Thursday, January 29, 2015

Does Domestic Violence Constitute Valid Ground to Claim Refugee Status?

By Professor Cesare Romano, Director, and Adjunct Professor Veronica Aragon, Deputy Director, International Human Rights Clinic, Loyola Law School, Los Angeles 

Does domestic violence constitute valid ground to claim refugee status? Encouragingly, the answer is increasingly yes, and Loyola’s own International Human Rights Clinic (IHRC) is trying help moving international law in that direction.

In concert with human rights organization Asylum Access Ecuador (AAE), Loyola’s International Human Rights Clinic filed a case today before the United Nations Committee on the Elimination of Discrimination Against Women (CEDAW) seeking to recognize domestic violence as grounds for refugee status. It is one of the first cases of its kind to be brought before a United Nations body.

The case, regarding a Colombian woman who had been subjected to severe domestic violence and subsequently denied refugee status in Ecuador, argues that domestic violence should be grounds for refugee status under the 1951 Refugee Convention. It also aims to ensure that refugee status determination proceedings at the national level are non-discriminatory and gender-sensitive.
Ecuador has the largest number of refugees in South America. As of July 2014, the United Nations High Commission on Refugees (UNHCR) reported 123,133 refugees in Ecuador, of whom 98 percent were Colombian nationals. Eighty-eight percent of these Colombian refugees are women and their dependents.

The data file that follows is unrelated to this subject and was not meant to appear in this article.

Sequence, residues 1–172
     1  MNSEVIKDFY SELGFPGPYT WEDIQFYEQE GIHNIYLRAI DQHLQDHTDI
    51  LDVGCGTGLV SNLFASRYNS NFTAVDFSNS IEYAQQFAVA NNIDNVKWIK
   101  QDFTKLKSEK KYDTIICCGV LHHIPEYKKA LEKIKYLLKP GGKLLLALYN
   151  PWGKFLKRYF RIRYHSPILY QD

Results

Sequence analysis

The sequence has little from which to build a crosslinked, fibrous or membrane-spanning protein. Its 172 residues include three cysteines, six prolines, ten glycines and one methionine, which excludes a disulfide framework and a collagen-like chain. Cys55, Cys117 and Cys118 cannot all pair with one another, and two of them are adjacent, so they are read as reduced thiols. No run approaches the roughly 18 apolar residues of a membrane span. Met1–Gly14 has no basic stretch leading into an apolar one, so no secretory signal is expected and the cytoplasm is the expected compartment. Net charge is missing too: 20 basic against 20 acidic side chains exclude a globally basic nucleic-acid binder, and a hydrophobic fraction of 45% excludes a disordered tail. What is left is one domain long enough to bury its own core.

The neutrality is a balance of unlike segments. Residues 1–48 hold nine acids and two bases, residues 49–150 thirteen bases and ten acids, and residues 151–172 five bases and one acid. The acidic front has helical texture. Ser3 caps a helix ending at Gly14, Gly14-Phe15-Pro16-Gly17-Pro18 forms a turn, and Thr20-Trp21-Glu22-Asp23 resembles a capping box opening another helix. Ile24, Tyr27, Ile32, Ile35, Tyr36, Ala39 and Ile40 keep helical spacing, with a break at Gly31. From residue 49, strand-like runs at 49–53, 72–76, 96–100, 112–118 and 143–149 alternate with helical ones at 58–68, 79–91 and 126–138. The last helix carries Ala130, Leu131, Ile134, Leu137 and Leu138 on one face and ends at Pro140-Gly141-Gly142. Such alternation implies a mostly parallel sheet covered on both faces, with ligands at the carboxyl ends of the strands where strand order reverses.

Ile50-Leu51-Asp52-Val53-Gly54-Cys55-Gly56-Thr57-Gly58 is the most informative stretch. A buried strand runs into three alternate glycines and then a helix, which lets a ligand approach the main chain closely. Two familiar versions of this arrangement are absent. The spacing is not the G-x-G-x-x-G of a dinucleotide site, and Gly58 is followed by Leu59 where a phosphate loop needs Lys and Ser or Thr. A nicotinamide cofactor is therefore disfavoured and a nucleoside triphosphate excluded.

Violence against women, and particularly domestic violence, is a world-wide plague, but one that is particularly severe in Colombia and Ecuador. Colombia women who are victims of domestic violence in Colombia are rarely, if ever, protected by authorities and prosecution of abusive spouses is extremely rare. Yet, despite the dire situation in Colombia and the need to escape it, the stigma felt by female Colombian refugees in Ecuador is rampant, leading to a re-victimization of this marginalized population.

Around the world, women’s claims to refugee status are often rejected and not properly assessed because many asylum systems continue to be gender-biased and treat the claims of women through the lens of male experiences. Colombian women seeking recognition of their refugee status by Ecuadorian authorities see their applications rejected due to deep-rooted gender discrimination and a lack of sensitivity to the problem of domestic violence.